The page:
PEKERIS, CHAIM LEIB (1908–1993), mathematician. Born in Alytus, Lithuania, Pekeris immigrated to the United States in his late teens. He did research at the Massachusetts Institute of Technology from 1936 to 1940, and from 1941 to 1946 headed the mathematics-physics group in the war research division at Columbia University. After two years at the Institute for Advanced Study at Princeton, he went to Israel in 1948, to establish the department of applied mathematics at the Weizmann Institute of Science. Under his direction, an eight-year gravimetrical and seismic mapping survey of the country was undertaken, and methods of prospecting were developed which laid the basis for Israel's petroleum-boring programs.

Pekeris' own main interests were the internal constitution of the earth, including the study of the origin and nature of earthquakes, theoretical seismology, the calculation of ocean tides, and the way fluids flow through pipes and around obstacles.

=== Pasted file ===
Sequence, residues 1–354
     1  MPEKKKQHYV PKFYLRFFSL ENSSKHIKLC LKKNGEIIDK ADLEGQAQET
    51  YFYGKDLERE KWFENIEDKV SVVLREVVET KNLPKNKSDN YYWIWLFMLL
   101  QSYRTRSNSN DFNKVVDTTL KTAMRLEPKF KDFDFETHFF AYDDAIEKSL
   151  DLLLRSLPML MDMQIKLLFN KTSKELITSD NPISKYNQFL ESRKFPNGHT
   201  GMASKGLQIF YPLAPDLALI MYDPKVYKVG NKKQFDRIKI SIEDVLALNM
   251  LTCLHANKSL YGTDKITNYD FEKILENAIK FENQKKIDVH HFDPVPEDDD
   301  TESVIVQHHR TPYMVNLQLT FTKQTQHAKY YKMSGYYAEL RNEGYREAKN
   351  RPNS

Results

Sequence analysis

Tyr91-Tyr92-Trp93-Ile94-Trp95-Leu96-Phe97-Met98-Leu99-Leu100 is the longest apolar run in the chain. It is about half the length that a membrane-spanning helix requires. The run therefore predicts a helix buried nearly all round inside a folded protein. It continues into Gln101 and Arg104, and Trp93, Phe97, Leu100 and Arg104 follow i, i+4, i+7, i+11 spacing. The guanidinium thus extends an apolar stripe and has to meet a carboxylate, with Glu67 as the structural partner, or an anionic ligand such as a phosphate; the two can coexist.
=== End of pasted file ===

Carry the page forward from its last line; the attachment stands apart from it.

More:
[Julian Louis Meltzer]

Pekeris' work has gained for him a number of distinguished honors outside Israel. In 1971 he was elected foreign and honorary member of the American Academy of Arts and Sciences. In 1974 he was awarded the Vetlesen Prize – also known as the Nobel Prize of the earth sciences – and in 1980 was the recipient of the coveted Gold Medal of the Royal Astronomical Society, previous members of which include Einstein and Eddington. Also in 1980 he was awarded the Israel Prize for the exact sciences.

Source: Encyclopaedia Judaica. © 2008 The Gale Group. All Rights Reserved.